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Activities to Improve Fine Motor Skills

Activities to Work on Fine Motor Skills

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Baby coloring on floor
Tetra Images - Jamie Grill/Brand X Pictures/Getty Images

Whether your child is working on kindergarten readiness skills or is already in school, tasks requiring fine motor skills can often present difficulties. While many children don't have trouble with gross motor skills--such as running or jumping--fine motor skills require more control and more precise movements of smaller muscles. As fine motor control is a very important skill to master for writing, it's important to make sure your child is continually improving those skills. Here are some fun activities to try at home to build up that motor control.

  • Hide small objects like coins or beads inside a lump of Silly Putty, modeling clay or homemade play clay. Have your child pull off pieces of the clay, using one finger and his thumb until the objects are revealed. You can also give your child a ball of the clay and have him practice pinching. It may be one of the few times you actually encourage him to pinch!
  • String large beads on a shoelace or piece of yarn with the end wrapped in tape. If you don't want into invest in beads, rigatoni noodles are the perfect size for this activity. You can even dye them different colors. Simply put some of them in a large, reclosable bag with a few drops of rubbing alcohol and some food coloring, shake until it's distributed and place the noodles on a layer of paper towels to dry overnight.
  • Transfer small items from one bowl to another using a clothespin. Again, coins or beads would work well for this activity. A variation is to use plastic tweezers to transfer grains of rice or Cheerios from one container to another.
  • Spray a dollop of shaving cream on your kitchen counter or table and have your child smear it into a thin layer. Have him use his index finger to practice writing letter, shapes, his name and to draw people. When he's done, give him a small, clean, damp sponge to wipe away the shaving cream in a side to side motion, encouraging him to use his arm and wrist and not to move his shoulders. A bonus of this activity is that the shaving soap will leave your table incredibly clean, even removing stubborn food stains.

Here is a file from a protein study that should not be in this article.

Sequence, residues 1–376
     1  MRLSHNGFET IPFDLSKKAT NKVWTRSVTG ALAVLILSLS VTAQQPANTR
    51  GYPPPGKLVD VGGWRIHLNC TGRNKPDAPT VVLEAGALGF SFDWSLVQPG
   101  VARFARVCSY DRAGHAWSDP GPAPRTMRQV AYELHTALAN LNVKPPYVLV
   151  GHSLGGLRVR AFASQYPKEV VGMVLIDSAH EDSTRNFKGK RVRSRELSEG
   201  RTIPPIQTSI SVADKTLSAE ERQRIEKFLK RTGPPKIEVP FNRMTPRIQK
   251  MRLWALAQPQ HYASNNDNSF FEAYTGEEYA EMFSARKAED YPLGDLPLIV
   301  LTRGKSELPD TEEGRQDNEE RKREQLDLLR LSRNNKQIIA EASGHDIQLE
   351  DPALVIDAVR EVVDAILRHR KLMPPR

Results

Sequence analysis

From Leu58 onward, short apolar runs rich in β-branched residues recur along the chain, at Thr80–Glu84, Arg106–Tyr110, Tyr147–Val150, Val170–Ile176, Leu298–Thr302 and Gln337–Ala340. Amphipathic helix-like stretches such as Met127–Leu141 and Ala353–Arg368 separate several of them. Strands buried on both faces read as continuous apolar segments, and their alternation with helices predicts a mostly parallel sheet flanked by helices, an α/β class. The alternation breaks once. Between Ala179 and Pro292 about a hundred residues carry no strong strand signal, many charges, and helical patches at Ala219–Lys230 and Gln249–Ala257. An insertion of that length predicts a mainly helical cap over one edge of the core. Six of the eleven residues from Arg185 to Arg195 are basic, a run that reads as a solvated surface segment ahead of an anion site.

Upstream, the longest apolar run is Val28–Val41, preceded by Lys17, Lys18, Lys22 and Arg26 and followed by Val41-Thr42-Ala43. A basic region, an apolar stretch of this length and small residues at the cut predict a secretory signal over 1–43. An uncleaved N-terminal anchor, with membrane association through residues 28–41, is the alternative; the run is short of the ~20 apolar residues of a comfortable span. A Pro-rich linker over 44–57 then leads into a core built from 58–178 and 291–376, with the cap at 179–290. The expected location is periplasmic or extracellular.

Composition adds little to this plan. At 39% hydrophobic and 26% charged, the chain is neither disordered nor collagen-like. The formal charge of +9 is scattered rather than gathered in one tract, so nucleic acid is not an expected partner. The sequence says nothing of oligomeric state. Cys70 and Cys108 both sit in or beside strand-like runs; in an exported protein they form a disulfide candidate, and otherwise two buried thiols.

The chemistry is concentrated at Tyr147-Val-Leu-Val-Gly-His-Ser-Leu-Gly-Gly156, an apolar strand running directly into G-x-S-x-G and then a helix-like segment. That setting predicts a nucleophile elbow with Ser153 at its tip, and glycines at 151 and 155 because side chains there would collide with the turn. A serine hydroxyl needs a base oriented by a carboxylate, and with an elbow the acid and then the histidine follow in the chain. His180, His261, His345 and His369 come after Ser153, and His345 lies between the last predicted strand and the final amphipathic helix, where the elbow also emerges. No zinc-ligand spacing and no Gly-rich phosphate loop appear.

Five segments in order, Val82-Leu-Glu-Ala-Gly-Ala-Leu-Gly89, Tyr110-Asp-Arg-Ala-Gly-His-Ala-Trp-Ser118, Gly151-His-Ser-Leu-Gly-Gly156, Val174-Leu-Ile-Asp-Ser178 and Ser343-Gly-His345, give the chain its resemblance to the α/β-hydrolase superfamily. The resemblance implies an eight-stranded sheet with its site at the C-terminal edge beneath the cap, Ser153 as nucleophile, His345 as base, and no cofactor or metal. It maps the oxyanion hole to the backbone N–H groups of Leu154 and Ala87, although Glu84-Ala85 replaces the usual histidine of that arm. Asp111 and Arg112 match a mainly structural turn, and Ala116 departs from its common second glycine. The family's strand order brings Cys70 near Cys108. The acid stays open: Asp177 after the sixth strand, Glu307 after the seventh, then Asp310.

• Rip paper or newspaper into strips, placing both hands on the top of the page and pulling in opposite directions. Have your child put one strip at a time into the palm of his hand and try to crumple it into a ball using just the fingers of that hand. To increase the strength in both hands, remember to have him switch hands.
  • Use scissors to cut newspaper into strips or make paper snowflakes. The goal is to give your child a chance to develop a proper scissor grip, so it doesn't matter whether or not his creations are pretty or even recognizable.
  • Invest in toys that use fine motor skills while your child is playing. For example: lacing cards, Legos, peg boards, Magnetix and erector sets all require good fine motor control.
  • Provide your child with dot-to-dot pages and stencils to trace. If he's having trouble using a pencil or thin marker, have him begin with a thick crayon or thick marker.
  • Tape a large piece of paper to an easel or the wall and have your child practice drawing a line from the top to the bottom of the paper.
  • Play the add-a-line game. On a large piece of paper, draw a simple shape or line. Take turns connecting a different shape or line to create a new object. You can continue doing this until the paper is full or your masterpiece is complete. Be creative and use curvy lines and variety of different shapes, encouraging your child to do the same.

Note: Once your child is ready to move on to a regular pencil, I'd suggest buying a package of golf pencils. Since they're short, the pencils are perfect for little hands and naturally promote a correct pencil grip.

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